Malala Yousafzai
Malala YousafzaiReuters

Nobel laureate Malala Yousafzai on Tuesday condemned the ongoing violence in Kashmir and called on the United Nations (UN) and the international community to work together to end the "inhumanity and heartbreak" in the Valley.

"The Kashmiri people, like people everywhere, deserve their fundamental human rights. They should live free from fear and repression. I call on the United Nations, the international community and India and Pakistan to work together with utmost urgency to right these wrongs, providing the people of Kashmir with the dignity, respect and freedom they deserve," the Pakistani teenager, who was shot in the head by the Taliban in 2012, told Dawn.

Kashmir has been hit by violence since the killing of Hizbul Mujahideen commander Burhan Wani by the Indian forces in an encounter. More than 70 people have died in the clashes that followed as the state curfew entered into the 61st day.

"Dozens of unarmed protesters have been killed and thousands wounded, including hundreds of people blinded by pellet guns used to put down demonstrations. Many schools have been closed, keeping children away from their classrooms. I stand with the people of Kashmir. My 14 million Kashmiri sisters and brothers have always been close to my heart," Malala said.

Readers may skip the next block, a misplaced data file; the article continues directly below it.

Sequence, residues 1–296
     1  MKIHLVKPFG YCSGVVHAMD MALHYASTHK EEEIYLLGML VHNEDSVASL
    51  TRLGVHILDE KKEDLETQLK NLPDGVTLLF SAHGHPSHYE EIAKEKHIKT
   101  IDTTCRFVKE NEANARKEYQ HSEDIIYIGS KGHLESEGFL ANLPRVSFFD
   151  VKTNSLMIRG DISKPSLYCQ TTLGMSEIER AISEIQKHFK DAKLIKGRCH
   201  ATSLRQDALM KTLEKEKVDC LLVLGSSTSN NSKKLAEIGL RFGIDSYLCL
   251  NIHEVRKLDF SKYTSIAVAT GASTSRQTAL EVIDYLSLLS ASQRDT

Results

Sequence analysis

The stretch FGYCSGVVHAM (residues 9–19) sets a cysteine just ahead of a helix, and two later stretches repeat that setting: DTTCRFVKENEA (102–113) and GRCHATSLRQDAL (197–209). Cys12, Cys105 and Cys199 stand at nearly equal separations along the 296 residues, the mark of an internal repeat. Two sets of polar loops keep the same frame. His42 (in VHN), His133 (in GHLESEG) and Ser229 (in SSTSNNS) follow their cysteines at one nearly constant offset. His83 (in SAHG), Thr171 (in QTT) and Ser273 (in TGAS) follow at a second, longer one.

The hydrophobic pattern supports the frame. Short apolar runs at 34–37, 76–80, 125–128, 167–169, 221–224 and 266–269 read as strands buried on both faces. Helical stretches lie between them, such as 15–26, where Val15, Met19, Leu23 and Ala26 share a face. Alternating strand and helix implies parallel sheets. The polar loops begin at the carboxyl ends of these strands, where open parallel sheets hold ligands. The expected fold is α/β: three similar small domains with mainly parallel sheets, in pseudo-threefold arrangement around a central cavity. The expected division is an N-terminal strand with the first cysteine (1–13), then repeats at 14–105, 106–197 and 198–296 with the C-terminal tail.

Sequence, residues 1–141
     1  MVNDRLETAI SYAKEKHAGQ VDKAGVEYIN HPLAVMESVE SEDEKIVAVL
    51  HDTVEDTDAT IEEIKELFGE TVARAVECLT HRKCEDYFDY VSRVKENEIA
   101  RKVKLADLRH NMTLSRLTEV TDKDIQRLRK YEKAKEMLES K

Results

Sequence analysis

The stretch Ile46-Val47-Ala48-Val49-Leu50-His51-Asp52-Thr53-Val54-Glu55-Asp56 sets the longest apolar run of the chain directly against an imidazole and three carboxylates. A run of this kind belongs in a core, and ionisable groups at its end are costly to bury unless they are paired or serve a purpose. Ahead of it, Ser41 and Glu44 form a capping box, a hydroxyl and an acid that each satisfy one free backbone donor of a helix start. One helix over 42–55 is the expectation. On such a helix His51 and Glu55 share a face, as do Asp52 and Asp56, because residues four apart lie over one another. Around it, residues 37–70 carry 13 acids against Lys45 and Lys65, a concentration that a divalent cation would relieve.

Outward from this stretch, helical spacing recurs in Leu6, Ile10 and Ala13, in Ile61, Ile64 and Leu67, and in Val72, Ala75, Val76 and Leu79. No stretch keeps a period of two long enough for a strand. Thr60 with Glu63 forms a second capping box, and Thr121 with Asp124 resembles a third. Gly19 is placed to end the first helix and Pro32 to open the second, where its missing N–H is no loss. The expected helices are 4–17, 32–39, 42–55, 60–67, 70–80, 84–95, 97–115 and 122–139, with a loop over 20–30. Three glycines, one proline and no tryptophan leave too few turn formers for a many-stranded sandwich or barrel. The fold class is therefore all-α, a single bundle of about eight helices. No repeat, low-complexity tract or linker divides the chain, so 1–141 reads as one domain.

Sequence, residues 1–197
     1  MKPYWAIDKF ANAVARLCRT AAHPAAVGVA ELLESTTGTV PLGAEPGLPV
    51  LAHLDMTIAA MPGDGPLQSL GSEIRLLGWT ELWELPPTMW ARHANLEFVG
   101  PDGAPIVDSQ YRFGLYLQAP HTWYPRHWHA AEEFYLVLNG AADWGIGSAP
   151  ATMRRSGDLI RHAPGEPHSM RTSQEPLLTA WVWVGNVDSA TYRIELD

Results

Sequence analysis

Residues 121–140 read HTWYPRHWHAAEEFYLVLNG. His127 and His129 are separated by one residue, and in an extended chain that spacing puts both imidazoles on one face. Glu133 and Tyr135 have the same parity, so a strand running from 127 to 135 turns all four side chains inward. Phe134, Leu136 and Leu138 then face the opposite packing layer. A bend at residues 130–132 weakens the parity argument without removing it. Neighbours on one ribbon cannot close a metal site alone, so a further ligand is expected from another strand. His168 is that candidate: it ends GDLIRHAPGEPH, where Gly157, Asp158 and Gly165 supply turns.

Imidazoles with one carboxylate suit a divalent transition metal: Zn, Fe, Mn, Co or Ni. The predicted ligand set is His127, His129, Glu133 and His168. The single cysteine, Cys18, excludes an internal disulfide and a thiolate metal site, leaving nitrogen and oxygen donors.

Violent protests in Kashmir claimed the lives of two more people on Tuesday and injured over 100 others as separatists called for a shutdown and protests on the upcoming Bakrid festival, the Hindu reported. 

Clashes between the security forces and the locals around 3 a.m. in Seer Hamdan village of Anantnag district in Kashmir resulted in the death of one youth, Naseer Ahmad Dar, who died of pellet gun injuries taking the number of deaths by pellet gunshots to seven. 

"The police came under heavy stone pelting when they went to the area to arrest those disturbing peace. One youth died. Pellets are being used only when the need arises," Inspector General of Police, Kashmir, S.J.M. Jeelani was quoted by the daily as saying.

Dar's funeral turned into a rally attended by hundreds of supporters.